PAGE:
Paul Krugman doesn't typically write about food, so I was a little surprised to see this. Still, I think he got most things right, at least by my way of thinking. Among the interesting things he discussed. 1. The importance of behavioral economics in healthy food choices 2. That it's hard to know how many actual farmers are out there, but it's a very small number . 3. That we could clean up farming a lot by pricing externalitie s [also see ], or out-right banning of the most heinous practices, but that doesn't mean we're going to go back to the small farms of the pre-industrial era, or anything close to it. 4. Food labels probably don't do all that we might like them to do (see point 1.) 5. How food issues seem to align with Red/Blue politics just a little too much There's enough to offend and ingratiate most everyones preconceived ideas in some small way, but mostly on the mark, I think.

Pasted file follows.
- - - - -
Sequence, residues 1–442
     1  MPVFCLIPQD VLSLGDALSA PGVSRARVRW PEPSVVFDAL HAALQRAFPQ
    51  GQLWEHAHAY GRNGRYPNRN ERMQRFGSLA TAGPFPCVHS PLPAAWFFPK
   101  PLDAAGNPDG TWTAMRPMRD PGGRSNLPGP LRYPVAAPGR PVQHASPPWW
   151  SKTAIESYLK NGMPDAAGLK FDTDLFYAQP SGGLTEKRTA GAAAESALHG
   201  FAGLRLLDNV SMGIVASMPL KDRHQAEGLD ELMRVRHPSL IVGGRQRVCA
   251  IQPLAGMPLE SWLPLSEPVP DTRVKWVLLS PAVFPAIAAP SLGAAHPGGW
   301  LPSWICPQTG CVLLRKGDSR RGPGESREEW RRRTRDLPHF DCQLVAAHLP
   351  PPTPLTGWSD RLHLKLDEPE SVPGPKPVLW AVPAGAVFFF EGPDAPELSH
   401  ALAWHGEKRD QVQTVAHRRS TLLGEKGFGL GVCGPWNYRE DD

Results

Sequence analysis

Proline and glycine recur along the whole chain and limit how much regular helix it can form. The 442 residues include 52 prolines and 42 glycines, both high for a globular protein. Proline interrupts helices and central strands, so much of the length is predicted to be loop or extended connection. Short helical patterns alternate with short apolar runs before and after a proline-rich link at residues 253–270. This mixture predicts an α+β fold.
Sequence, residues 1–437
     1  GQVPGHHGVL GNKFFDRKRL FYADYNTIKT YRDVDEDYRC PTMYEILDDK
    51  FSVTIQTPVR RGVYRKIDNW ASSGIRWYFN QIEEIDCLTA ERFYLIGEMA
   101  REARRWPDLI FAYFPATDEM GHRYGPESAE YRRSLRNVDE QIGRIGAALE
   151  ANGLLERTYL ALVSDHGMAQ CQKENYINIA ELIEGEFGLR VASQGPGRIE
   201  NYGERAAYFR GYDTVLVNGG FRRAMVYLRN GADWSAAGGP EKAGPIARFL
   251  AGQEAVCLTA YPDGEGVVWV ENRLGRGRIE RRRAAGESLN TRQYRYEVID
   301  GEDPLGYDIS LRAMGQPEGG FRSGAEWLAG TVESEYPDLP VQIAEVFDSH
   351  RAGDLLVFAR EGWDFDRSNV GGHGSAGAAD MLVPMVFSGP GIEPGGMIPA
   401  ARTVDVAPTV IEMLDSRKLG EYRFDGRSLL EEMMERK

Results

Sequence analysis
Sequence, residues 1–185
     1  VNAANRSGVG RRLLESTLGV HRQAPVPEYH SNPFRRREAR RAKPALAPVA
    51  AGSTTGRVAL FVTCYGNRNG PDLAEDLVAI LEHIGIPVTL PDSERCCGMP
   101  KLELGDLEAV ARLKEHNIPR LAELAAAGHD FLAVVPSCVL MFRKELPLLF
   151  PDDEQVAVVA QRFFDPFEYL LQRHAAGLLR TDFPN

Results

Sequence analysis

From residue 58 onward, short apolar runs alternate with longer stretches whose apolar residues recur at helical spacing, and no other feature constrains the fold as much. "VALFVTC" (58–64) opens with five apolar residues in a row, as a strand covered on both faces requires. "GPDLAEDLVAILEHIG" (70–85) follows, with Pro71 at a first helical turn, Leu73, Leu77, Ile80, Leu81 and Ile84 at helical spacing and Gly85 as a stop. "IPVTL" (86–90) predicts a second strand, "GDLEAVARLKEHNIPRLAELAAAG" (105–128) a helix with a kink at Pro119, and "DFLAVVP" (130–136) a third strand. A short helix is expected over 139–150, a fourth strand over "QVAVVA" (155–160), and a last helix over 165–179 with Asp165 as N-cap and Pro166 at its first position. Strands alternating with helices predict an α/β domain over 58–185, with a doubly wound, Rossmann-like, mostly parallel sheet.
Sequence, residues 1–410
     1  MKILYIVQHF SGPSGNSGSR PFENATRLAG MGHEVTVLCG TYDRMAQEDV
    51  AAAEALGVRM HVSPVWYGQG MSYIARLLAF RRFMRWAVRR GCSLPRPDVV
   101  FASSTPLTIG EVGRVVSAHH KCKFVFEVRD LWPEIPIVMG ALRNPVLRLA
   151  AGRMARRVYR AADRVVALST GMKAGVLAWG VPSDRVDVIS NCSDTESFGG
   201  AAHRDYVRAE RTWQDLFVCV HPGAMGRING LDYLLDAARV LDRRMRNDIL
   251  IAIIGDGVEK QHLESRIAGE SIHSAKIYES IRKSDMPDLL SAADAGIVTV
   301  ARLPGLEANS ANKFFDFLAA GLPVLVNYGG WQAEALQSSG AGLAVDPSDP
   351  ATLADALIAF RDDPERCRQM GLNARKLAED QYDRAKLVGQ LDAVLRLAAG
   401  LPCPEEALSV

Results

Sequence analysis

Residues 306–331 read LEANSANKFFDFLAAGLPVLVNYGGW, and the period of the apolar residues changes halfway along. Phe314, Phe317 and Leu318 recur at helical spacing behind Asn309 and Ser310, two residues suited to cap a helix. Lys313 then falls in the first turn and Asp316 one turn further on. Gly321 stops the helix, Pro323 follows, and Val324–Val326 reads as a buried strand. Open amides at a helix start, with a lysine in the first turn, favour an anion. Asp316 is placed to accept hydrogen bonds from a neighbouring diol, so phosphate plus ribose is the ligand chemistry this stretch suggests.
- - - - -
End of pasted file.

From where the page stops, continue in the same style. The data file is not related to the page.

Showing posts from October, 2015
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Angus Deaton just won the Nobel Prize in economics. He's a brilliant, famous economist who is known for many contributions . In graduate school I discovered a bunch of his papers and studied them carefully. He is a clear and meticulous writer which made it easy for me to learn a lot of technical machinery, like stochastic dynamic programming. His care and creativity in statistical matters, and linking data to theory, was especially inspiring. His papers with Christina Paxson inspired me to think long and hard about all the different ways economists might exploit weather as an instrument for identifying important economic phenomena. One important set of contributions about which I've seen little mention concerns a body of work on commodity prices that he did in collaboration with Guy Laroque. This is really important research, and I think that many of those who do agricultural economics and climate change might have missed some of its implications, if they are aware of it